How does CIFAR contribute towards Canadian and international research?
CIFAR is a convener of some of the top scientists and scholars in the world. We believe passionately the best way to come up with transformative knowledge about tough problems is to bring the best people around the table, regardless of their country of origin or discipline and give them the time they need to address these tough problems. This is what we have been doing for over 35 years and this approach has clearly paid off.
About 3.5 years ago, we launched our first ever Global Call for Ideas, which essentially said to the global research community, “Come forward with an idea that addresses a question of importance to the world.” CIFAR is interested in long-term discussions around an important challenge. So our major criterion is that the idea needs to address a question of importance to the world. At CIFAR, we are not interested in incremental science. We are truly risk-takers. Our second criterion is that the people proposed to be in the program need to be leaders in their field. The third criterion is that the group should be international. Canada is a small country and we therefore have to reach out to the world. We want to make sure that different perspectives based on gender, nationality, discipline and other criteria, are around the table. Another criterion is that CIFAR’s involvement makes a difference. CIFAR wants to carve out a unique role. And we want to make sure that all our activities are measurable so that we can evaluate impact. Lastly, new programs should ideally contribute to CIFAR’s overall portfolio and potentially synergize with our other programs.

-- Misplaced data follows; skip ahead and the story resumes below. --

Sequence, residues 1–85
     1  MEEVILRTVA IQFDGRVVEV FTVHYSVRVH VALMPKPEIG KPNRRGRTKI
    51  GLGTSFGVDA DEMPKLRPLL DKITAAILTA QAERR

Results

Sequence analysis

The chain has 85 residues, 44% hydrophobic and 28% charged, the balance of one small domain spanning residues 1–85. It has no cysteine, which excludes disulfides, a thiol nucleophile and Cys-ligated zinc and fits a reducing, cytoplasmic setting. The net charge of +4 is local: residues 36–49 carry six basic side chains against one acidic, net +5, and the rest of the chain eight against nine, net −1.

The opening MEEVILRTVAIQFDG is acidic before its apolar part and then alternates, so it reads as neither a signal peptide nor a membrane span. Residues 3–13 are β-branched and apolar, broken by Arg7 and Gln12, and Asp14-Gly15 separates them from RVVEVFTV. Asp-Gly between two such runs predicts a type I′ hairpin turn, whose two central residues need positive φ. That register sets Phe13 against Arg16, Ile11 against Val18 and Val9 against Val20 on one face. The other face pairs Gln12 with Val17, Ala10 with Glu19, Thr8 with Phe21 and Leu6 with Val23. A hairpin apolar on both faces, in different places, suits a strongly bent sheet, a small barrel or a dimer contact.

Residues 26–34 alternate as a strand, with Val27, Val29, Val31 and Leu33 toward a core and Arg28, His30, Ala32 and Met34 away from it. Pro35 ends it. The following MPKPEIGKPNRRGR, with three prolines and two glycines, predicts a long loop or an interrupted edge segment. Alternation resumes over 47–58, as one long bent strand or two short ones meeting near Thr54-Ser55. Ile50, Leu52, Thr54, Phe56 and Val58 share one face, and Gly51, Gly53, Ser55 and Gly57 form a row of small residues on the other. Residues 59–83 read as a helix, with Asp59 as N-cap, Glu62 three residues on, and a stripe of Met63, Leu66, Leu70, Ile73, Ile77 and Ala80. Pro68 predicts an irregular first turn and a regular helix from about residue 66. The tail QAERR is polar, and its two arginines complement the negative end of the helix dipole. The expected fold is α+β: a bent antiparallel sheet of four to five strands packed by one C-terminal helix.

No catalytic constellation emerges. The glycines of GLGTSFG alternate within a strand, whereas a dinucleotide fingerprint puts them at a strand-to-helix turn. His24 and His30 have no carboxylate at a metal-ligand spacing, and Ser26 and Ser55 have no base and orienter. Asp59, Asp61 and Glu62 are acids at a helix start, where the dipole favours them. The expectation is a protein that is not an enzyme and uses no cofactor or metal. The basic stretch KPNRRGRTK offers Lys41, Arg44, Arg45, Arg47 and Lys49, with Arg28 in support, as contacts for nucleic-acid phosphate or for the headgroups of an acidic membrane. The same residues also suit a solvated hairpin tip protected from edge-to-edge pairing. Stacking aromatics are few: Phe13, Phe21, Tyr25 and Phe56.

Based on the work of our Program in Child and Brain Development, we have been influencing Canadian and international public policy for 30 years. Our AI program has truly been ground breaking, leading to the development of deep learning. CIFAR’s program in Learning in Machines and Brains, originally led by Geoff Hinton and now co-directed by Yoshua Bengio and Yann Lecun, and the group of CIFAR fellows in this program, are an example of the pioneers in this powerful new science.
How do you see the $125-million Pan-Canadian AI Strategy transforming the economy and its various sectors in the coming years?
Simply put, AI will impact every aspect of society. The skills required in an AI-driven society will likely profoundly change, as will our interactions with machines.
I think Canadian companies have been quick on the uptake of new AI technology, because in large part, the AI talent is right here. The Canadian Government recognized the importance of AI talent and ideas in Budget 2017. In a month or two, we will be announcing the first round of the Canada CIFAR Chair’s in AI.
How can STEM disciplines in Canada become more inclusive and diverse?